Figure 2:


R. Escribano: We have computed the pole mass and the pole width of the Kaluza-Klein gluon, which appears in theories with a warped extra dimension as very broad resonances coupled to composite fermions, and compare these predictions with those obtained from the usual Breit-Wigner approximation. Comparing both approaches, along with the existing experimental data from ATLAS and CMS, for the $t\bar t$, $t\bar t W$, $t\bar t Z$, $t\bar t H$, and $t t \bar t \bar t$ channels, We have found differences between the two approaches of up to about 100%, highlighting that the effect of broad resonances can be dramatic on present, and mainly future, experimental searches. The channel $t t \bar t \bar t$ is particularly promising because the size of the cross-section signal is of the same order of magnitude as the Standard Model prediction, and future experimental analyses in this channel, especially for broad resonances, can shed light on the nature of possible physics beyond the Standard Model (see figure below).
Figure 3: The total cross-section $pp\to tt\bar t\bar t$ as a function of the renormalized on-shell mass $M$ \emph{(left panel)} for the fixed ratios $r=0.3$ (red solid line) and $r=0.8$ (blue dashed line), and as a function of the ratio $r$ \emph{(right panel)} for the fixed masses $M=2\ \textrm{TeV}$ (red solid line) and $M=5\ \textrm{TeV}$ (blue dashed line). The different lines correspond to the predictions based on the full propagator (pole approach), while the bands represent $1\sigma$ (light green) and $2\sigma$ (light yellow) deviations from the $\sigma_{tt\bar t\bar t}^{\rm obs}$ central value (black dotted line) observed by the CMS collaboration.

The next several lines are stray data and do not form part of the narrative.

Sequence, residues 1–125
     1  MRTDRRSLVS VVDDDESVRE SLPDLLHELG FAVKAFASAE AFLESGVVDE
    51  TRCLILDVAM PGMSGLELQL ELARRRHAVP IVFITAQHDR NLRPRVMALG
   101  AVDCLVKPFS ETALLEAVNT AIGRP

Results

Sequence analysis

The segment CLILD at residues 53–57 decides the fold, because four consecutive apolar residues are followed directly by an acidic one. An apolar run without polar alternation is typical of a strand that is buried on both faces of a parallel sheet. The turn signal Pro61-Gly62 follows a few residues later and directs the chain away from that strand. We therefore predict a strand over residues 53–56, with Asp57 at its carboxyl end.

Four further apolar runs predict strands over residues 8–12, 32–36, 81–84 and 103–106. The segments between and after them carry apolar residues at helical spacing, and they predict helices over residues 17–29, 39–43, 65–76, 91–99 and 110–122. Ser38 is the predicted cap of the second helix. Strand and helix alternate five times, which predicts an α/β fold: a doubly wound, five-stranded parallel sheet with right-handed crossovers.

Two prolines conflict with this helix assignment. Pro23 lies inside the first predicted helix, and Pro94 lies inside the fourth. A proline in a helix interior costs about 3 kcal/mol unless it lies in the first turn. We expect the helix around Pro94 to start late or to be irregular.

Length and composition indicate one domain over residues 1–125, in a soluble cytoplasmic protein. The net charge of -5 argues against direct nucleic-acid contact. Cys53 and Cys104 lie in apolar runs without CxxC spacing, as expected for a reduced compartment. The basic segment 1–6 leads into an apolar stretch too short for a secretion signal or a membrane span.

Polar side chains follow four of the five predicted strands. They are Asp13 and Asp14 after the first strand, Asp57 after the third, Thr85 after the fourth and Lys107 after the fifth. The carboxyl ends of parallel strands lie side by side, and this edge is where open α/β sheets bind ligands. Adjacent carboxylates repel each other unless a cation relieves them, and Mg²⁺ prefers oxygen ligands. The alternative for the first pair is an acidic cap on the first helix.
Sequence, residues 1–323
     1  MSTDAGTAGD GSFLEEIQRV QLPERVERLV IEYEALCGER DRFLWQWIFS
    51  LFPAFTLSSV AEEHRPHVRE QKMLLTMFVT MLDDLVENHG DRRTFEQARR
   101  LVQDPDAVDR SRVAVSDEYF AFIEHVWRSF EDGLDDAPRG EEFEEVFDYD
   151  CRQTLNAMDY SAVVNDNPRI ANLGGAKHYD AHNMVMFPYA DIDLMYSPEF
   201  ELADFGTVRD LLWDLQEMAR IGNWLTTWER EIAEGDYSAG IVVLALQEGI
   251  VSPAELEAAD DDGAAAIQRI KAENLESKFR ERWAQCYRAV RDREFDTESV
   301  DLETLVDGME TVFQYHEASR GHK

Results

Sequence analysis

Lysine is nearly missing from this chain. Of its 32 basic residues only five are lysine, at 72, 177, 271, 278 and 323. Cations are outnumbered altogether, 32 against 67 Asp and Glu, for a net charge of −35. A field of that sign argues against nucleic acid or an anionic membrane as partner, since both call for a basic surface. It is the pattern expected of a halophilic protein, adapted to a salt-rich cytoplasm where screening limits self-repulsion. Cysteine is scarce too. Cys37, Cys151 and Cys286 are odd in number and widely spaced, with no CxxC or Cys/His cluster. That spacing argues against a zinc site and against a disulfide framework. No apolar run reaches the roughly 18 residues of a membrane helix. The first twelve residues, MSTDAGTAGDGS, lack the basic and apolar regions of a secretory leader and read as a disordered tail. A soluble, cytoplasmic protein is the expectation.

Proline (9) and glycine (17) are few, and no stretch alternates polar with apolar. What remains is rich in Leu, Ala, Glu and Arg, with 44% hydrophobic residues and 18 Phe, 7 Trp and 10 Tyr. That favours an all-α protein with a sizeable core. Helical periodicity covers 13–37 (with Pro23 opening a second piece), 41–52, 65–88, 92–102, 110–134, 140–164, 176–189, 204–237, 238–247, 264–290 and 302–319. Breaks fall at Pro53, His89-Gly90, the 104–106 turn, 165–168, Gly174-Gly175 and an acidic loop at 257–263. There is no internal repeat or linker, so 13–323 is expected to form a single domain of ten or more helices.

P. Masjuan: We have applied Pad\’e Theory in estimating $B\to\pi$ and $B\to K$ form factors to extract a precise $V_{ub}$ CKM parameter, with proper error estimations rendering inclusive and exclusive $V_{ub}$ determinations in agreement. We have also studied missing higher orders in the massless scalar-current quark correlator, predicting the yet unknown six-loop coefficient of its imaginary part, related to $\Gamma(H\to b\bar b).
J. Matias: We have presented the most complete analysis of the $B\to K^+\pi^-l^+l^-$ decay including both $P$ and $S$-wave contributions from a theoretical and experimental point of view. We have not only determined the symmetries of both contributions but most importantly all the relations between observables that allow us to define a new complete basis. This provide us with a new handle on New Physics using the new $S$-wave observables. Using non-leptonic $B$ decays, we have constructed a new observable based on the ratio of longitudinal components of the $B_s\to VV$ vs $B_d\to VV$ decays, with $V$ a vector meson. We have opened a new research line by establishing a parallelism between this ratio and the semileptonic anomalies. We have discovered a tension of 2.6$sigma$ with our SM prediction in the newly constructed observable when the $V$ is a $K^{\star 0}$. Finally, we have identified the relevant EFT coefficients and discussed possible model building explanations.
A. Pineda: A state-of-the-art invited review clarifying the current situation of the proton radius puzzle has been written in collaboration with C. Peset and A. Tomalak. An invited review of a new method developed to describe the OPE with exponential precision and parametric control of the error has also been written.
P. Sánchez-Puertas: We have obtained estimates for the baryon form factor of charged pions arising from isospin-symmetry breaking in two phenomenological ways: from simple constituent quark models with unequal up and down quark masses, and from fitting to $e^+e^- \to \pi^+ \pi^-$ data. All our methods yield a positive $\pi^+$ baryon mean square radius of $(0.03-0.04~{\rm fm})^2$. Hence, a picture emerges where the outer region has a net baryon, and the inner region a net antibaryon density, both compensating each other such that the total baryon number is zero. For $\pi^-$ the effect is opposite.